Not sure why this isn't working.

When people click the 'edit' button of my application, the disabled textfields become editable:

$("#bewerken").click(function(e)    {

I then want to disable the textfields again when the user saves; I have this code bound to my save button:

$("#save_school_changes").click(function(e) {

        type: "POST",
        url: "/school/save_changes",
        data: { //stuff },
        success: function(data)
            $("#feedback_top").html("<p>" + data['message'] + "</p>").slideDown('slow').delay(2000).slideUp();
            $("input[type='text']").attr('disabled', 'disabled');



As far as I know, this should disable the textfields again. However, this does not seem to be working in Chrome. It does work in Firefox. I haven't had the chance to test in IE or Safari yet. Is there any way to make this work in Chrome aswell? Thanks a lot!

  • 1
    Side note: you can use the :disabled selector instead of input[disabled='disabled']. – namuol May 18 '11 at 16:38
  • Oh, thanks; didn't know that! Updated my code with it;) – cabaret May 18 '11 at 16:41
  • I can't believe how so many answers here, yet no one but me posted an actual demo -_- what has StackOverflow come too! haha – Oscar Godson May 18 '11 at 16:45

If you are using jQuery < 1.6 do this:

jQuery("input[type='text']").attr("disabled", 'disabled');

If you are using jQuery 1.6+:

jQuery("input[type='text']").prop("disabled", true);

See this question: .prop() vs .attr() for references why.

Or you can try this:

$('input:text').attr("disabled", 'disabled');

see here for info on :text

  • 1
    Using 1.5.2; sadly I still can't get it to work with the code you provided. Thank you for your time. – cabaret May 18 '11 at 16:44
  • @cabaret, see my update – Neal May 18 '11 at 16:47
  • $("input:text").attr("disabled", "disabled");. Just pasting that in to check if I have the same code, heh. Can't get it to work. Jeez, stupid Chrome. :( – cabaret May 18 '11 at 16:49
  • @Cabaret, can you post an example (working) code on jsfiddle.net and see if you get the same results? – Neal May 18 '11 at 16:50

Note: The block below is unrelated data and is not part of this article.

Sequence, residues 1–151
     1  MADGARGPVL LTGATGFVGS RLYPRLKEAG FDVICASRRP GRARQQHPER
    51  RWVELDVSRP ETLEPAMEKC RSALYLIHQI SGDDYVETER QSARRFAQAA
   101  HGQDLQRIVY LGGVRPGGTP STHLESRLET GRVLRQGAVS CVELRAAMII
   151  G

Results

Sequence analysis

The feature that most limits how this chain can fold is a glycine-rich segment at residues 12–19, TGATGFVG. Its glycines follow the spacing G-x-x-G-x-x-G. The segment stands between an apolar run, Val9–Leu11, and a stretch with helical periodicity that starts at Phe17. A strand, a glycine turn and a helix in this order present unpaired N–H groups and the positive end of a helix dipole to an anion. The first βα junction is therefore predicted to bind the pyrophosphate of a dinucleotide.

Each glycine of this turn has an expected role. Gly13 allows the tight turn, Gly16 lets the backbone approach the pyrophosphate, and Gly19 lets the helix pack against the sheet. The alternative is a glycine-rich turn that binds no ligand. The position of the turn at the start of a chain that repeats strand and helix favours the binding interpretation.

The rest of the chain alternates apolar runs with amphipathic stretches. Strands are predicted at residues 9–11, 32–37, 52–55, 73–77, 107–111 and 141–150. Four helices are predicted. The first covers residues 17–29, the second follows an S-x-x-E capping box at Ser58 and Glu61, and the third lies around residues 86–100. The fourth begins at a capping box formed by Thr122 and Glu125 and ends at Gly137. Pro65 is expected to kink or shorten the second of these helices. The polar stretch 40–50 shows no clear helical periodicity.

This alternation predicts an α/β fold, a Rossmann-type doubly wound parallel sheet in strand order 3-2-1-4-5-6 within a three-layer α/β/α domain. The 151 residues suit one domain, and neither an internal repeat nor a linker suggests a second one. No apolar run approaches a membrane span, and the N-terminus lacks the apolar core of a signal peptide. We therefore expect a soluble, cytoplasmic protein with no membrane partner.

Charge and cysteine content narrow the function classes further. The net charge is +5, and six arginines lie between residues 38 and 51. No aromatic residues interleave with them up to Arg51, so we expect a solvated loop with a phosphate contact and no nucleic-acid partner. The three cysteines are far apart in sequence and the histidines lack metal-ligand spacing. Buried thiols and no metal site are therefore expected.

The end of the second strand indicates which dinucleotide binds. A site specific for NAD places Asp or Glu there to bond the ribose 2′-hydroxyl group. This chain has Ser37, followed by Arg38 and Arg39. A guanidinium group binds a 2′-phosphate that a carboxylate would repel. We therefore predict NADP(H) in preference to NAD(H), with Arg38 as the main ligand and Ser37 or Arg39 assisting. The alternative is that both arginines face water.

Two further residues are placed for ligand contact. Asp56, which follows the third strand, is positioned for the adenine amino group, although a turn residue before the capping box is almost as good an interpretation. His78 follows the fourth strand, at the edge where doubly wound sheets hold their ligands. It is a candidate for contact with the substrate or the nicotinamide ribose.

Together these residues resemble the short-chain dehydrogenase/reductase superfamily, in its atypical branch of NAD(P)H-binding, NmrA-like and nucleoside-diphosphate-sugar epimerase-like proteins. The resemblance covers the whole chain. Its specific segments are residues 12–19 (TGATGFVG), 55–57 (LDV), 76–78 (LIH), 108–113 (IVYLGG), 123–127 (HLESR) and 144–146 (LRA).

• Yeah so.. I don't get it. It works fine in JSfiddle and it doesn't work in my application. jsfiddle.net/b6L6g/1 – cabaret May 18 '11 at 16:58

For me, none of these answers worked, but I finally found one that did.

I needed this for IE-

$('input:text').attr("disabled", 'disabled');

I also had to add this for Chrome and Firefox -


and this -

<style type="text/css">
    .notactive {
        pointer-events: none;
        cursor: default;

It's an old post but I none of this solution worked for me so I'm posting my solution if anyone find this helpful.

I just had the same problem.

In my case the control I needed to disable was a user control with child dropdowns which I could disable in IE but not in chrome.

my solution was to disable each child object, not just the usercontrol, with that code:

$('#controlName').find('*').each(function () { $(this).attr("disabled", true); })

It's working for me in chrome now.


if you are removing all disabled attributes from input, then why not just do:


Then after ajax success:

$("input[type='text']").attr('disabled', true);

Make sure you use remove the disabled attribute before submit, or it won't submit that data. If you need to submit it before changing, you need to use readonly instead.

  • One thing to note is to use readonly if you are looking to submit the data via get or post. – fanfavorite May 18 '11 at 16:54

Try $("input[type='text']").attr('disabled', true);

  • Still can't get it working in Chrome :( – cabaret May 18 '11 at 16:41
  • This is an example of the technique: jsbin.com/ofuca3/edit -- Is the input you're trying to disable being written in via ajax? Or does it already exist in the DOM? – RussellUresti May 18 '11 at 16:45
  • It already exists in the DOM. I'll check out your link! Thank you – cabaret May 18 '11 at 16:47


Live Preview

You should use "readonly" instead like:

$("input[type='text']").attr("readonly", "true");
  • 1
    Thanks. i'll check it out. Is there a crucial difference between readonly and disabled or is it basically the same? – cabaret May 18 '11 at 16:47
  • Its the same except for one minor thing... readonly doesnt have any default browser CSS whereas disabled does. In this example I just did [readonly] { filter: alpha(opacity = 50); opacity:0.5; } and achieved the same affect. – Oscar Godson May 18 '11 at 16:49
  • 3
    One big difference: fields with readonly set are sent to the server when the form is submitted, disabled elements are not. – mu is too short May 18 '11 at 16:55
  • Ah, i didnt know that. Thanks. – Oscar Godson May 18 '11 at 18:34

Have you tried with prop() ??

Well prop() seems works for me.

  • "HAVE" you tried – Roko C. Buljan May 18 '11 at 16:50
  • Note to @cabaret tho, this is exclusive to jQuery 1.6, so if you arent on that version this wont work – Oscar Godson May 18 '11 at 16:51
  • see my answer and the OP's response – Neal May 18 '11 at 16:53

My issue with this was that the element using the disabled attr needed to be defined as a form element, .ie input type for it to work. Both worked with attr() and prop() but chose the latter for future maintainability.


Mostly disabled attribute doesn't work with the anchor tags from HTML-5 onwards. Hence we have change it to ,let's say 'button' and style it accordingly with appropriate color,border-style etc. That's the most apt solution for any similar issue users are facing in Chrome . Only few elements support 'disabled' attribute: Span , select, option, textarea, input , button.

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